Archive for the ‘Communication’ Category

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Influenced by Art Teacher

May 11, 2021

Letter from US Secretary of Education Dr. Miguel A. Cardona

How wonderful that we have an educator in the position of Secretary of Education at the federal level who was influenced by an art teacher during his elementary education. I urge you to embrace this moment and consider our roles as educators and ask yourself: what can I do to take a leap in moving visual and performing education forward? You have the potential to encourage, challenge and guide learners to wrap their arms around being life long learners of the arts!

I never could predict what might happen in Mr. O’Neil’s art classes; I just knew I couldn’t wait for the next assignment.  Back then I didn’t realize all the ways this dynamic educator, a rare man of color leading our diverse classroom of second graders, was serving as a pioneer and role model for me and my peers in John Barry Elementary School.  But I’ll never forget how his teaching made me feel.  As a second grader, I remember looking up — watching him encourage, challenge and guide us – and thinking: “I want to be like him.”

In the years since embracing that calling and starting my career as a classroom teacher, I’ve kept that sense of purpose and wonder.  And my goal in all the administrative roles I’ve held is to facilitate great teaching and learning: to support and expand the transformative impact that skilled, caring classroom teachers have for students, schools, and communities.

Every day America’s teachers change lives, and every day those lives change the world.

Dr. Miguel A. Cardona US Secretary of Education

Now, this truth can seem to recede as you rush to keep up with the day’s intense pace, and your students’ needs and opportunities. Yet, from the first bell on the first day of the school year, you build a relationship with each of them. You learn their strengths and struggles, laugh with them, cry with them, worry over them, cheer for them – and at the end of the school year, help them transition to their next grade level adventure. You know all those experiences – both the academic and life lessons – have changed both you and them for the better.  You empower them to grow in skill and character — expand their understanding of the world and how to shape it — explore their interests and decide where to make their mark.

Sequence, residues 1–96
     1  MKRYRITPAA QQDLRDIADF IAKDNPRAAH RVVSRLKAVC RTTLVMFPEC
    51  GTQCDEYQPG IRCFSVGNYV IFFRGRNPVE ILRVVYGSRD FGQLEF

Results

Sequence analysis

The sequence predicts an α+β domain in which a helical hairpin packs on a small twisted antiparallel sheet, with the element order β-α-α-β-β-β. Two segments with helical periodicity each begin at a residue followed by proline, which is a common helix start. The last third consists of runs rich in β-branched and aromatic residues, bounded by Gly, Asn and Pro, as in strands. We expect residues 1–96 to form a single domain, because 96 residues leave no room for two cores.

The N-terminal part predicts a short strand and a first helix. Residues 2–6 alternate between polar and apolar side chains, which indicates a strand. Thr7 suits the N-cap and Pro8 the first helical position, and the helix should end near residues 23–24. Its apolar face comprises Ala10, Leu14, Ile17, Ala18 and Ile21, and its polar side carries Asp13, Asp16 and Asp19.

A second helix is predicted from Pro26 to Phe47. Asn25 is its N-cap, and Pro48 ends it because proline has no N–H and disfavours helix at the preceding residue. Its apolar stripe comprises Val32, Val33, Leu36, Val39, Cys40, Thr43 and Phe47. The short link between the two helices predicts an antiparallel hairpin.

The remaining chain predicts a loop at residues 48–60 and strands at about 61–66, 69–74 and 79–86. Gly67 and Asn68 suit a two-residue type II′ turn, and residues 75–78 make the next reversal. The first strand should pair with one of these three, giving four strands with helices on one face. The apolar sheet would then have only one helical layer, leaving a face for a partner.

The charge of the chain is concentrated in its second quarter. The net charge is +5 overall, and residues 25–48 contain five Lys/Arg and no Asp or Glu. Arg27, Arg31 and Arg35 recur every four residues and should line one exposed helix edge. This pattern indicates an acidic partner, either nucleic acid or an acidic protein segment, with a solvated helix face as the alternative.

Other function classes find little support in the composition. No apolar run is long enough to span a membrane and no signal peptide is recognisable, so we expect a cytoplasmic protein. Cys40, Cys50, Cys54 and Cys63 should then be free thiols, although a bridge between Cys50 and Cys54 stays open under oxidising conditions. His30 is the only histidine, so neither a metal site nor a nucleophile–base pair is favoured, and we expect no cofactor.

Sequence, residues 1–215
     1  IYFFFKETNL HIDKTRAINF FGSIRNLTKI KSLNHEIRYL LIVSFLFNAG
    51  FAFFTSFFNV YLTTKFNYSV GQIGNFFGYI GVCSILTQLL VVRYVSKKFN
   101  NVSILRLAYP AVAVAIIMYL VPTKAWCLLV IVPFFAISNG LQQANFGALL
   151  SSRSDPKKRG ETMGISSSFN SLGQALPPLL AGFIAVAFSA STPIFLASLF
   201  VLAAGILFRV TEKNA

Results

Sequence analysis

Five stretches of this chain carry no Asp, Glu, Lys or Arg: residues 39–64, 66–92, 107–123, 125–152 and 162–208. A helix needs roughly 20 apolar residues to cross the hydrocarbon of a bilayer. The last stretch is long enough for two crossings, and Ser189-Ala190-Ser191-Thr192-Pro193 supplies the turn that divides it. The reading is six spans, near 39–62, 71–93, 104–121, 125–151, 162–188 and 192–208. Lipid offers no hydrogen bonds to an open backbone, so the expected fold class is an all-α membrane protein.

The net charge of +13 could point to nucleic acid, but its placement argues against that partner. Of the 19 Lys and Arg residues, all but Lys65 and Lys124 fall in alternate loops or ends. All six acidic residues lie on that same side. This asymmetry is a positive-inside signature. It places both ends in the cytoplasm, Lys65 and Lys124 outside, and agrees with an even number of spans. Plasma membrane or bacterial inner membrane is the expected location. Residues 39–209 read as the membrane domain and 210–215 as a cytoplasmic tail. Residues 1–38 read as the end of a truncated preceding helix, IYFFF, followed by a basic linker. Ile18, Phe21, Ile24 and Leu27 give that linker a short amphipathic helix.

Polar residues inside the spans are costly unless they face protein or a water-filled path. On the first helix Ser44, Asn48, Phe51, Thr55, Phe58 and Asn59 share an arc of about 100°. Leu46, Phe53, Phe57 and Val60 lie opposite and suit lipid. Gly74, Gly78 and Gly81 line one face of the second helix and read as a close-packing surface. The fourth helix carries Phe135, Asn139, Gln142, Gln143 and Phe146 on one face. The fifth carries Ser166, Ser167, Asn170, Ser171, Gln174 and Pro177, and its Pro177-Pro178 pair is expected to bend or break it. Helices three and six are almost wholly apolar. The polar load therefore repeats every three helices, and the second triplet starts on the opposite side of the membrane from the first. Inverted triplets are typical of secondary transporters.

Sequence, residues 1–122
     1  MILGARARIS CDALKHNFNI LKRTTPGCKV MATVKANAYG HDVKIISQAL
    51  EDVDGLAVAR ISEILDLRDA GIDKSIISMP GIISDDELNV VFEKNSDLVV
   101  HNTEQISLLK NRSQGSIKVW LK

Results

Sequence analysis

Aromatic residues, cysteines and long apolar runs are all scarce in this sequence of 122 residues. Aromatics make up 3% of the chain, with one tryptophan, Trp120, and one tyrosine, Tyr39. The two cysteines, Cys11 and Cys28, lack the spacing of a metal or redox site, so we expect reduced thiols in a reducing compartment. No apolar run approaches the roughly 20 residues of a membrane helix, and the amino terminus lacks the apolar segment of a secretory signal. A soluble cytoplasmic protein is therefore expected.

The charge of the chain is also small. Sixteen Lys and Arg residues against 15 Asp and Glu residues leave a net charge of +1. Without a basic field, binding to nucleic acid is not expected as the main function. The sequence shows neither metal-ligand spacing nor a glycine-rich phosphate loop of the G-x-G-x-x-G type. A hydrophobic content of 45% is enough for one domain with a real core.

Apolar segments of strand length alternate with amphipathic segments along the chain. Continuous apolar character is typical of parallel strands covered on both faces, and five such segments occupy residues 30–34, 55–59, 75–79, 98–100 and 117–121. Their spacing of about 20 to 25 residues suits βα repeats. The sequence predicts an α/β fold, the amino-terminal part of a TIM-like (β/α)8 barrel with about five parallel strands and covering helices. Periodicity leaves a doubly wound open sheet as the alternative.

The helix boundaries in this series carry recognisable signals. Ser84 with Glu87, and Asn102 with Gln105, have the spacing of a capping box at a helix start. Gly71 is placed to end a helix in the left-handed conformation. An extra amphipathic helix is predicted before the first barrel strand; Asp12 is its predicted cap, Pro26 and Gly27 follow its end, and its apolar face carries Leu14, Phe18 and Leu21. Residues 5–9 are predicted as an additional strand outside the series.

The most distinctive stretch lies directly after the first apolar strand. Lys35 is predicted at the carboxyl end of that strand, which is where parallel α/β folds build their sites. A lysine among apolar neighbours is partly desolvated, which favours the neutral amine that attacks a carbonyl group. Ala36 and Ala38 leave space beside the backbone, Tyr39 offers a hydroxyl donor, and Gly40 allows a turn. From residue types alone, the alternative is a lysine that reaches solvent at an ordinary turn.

Teaching is not a job anyone just falls into. It is mastery of a craft: in fact, the craft that enables all the others. In my experience, great teachers are also quintessential lifelong learners. You use your command of learning science, your insights into your students’ unique needs and aptitudes, as well as the lessons of the past, the realities of the present and the inspiration, innovation and ingenuity of the future to help each new generation become leaders for today and tomorrow. Throughout the year you support your fellow educators, add to your tools through professional development, provide feedback on assignments, sponsor sports, service learning, clubs and other extracurricular activities, collaborate with parents –in addition to everything you pour into your students during class.

Even in this unprecedented year, you rallied, finding new ways to engage with students. In the face of tragedy, you learned new technologies and built virtual classroom communities, all while caring for yourselves and your own families.  As we heal, recover, and rebuild, this pandemic presents a chance to forge opportunity from crisis and reimagine education on every level. We will use this time to address inequities in our education system, and your contributions will be invaluable.  The work won’t be easy, but the impact of your success will be profound, for students and communities. I urge state, local, and elected officials to make sure classroom teachers have a voice in your plans and efforts to reimagine education; second to parents, they know our students best.